Apart from the views from Queen Elizabeth Park, the overall impact on the skyline would be somewhat localized. The City’s dome shaped skyline policy tries to put higher buildings in the centre of a height limiting ‘dome’ that peaks in the Central Business District. The Shangri-La (659′) and the Trump Tower (616′) are nearby and at the top of the current ‘dome’. The impact of the proposed tower at 1133 Melville on the overall city skyline won’t be as pronounced as the 550′ tall Burrard Gateway (Hornby & Drake) or the 509′ tall B.I.G. “Vancouver House” (Pacific & Howe). The Burrard Gateway and Vancouver House are both located close to False Creek and break the City’s dome shaped skyline policy.

Who is behind the scenes? Oxford Properties is a private company with Blake Hutcheson as CEO. (http://www.oxfordproperties.com/corp/Web/ownership-governance.aspx).  Continue reading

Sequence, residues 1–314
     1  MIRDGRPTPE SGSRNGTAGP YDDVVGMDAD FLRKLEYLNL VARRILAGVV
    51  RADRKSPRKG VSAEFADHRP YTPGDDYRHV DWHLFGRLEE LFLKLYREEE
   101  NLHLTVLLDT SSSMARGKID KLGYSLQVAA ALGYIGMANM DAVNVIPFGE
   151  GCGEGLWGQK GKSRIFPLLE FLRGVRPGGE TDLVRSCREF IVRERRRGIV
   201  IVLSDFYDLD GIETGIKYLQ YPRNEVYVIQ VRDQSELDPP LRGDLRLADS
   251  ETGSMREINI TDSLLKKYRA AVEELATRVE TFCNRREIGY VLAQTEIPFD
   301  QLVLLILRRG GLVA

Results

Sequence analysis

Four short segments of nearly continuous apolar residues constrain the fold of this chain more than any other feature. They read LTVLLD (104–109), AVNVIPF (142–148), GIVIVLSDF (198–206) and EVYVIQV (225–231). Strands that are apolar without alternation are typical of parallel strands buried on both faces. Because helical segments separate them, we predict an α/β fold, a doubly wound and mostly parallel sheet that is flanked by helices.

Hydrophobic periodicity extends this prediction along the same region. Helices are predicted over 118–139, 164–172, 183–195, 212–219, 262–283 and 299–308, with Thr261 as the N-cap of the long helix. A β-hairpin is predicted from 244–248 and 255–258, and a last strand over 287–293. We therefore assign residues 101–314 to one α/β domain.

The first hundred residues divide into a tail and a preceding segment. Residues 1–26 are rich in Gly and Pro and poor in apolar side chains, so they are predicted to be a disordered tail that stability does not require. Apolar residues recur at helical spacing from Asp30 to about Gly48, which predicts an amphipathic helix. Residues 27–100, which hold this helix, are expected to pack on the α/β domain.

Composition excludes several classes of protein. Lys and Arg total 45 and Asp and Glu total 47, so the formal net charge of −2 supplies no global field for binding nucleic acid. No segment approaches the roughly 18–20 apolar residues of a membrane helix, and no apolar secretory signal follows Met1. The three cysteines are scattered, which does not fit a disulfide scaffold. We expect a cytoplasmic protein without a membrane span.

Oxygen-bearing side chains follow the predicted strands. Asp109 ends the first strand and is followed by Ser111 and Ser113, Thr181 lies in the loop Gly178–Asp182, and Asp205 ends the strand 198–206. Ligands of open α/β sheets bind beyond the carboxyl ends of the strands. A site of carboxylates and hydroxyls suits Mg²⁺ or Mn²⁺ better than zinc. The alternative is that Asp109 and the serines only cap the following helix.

China close to full yuan convertibility on capital account — that means bigger flows of money: Implications for Vancouver real estate?

renminbiCityHallWatch reader HKHoward sent us this comment.

International Journalist Jonathan Manthorp pointed out on May 29, 2015 that billions of dollars are fleeing China for safe havens. Canada is one of the safest, with no restrictions on real estate purchases. Article here:
http://www.factsandopinions.com/galleries/opinion-columns/jonathan-manthorp-international-affairs/vancouver-not-mind-numbingly-boring-but-vacuously-vain/

A separate article is also worth reading: “China close to its goal of full yuan convertibility on Dollars, credit Desmog blog Canadaits capital account: Pan Gongsheng,deputy head of the central bank, says move to offer more flexibility for Chinese investment abroad is ‘not far away’ ” (South China Morning Post, Hong Kong, 21-June-2015).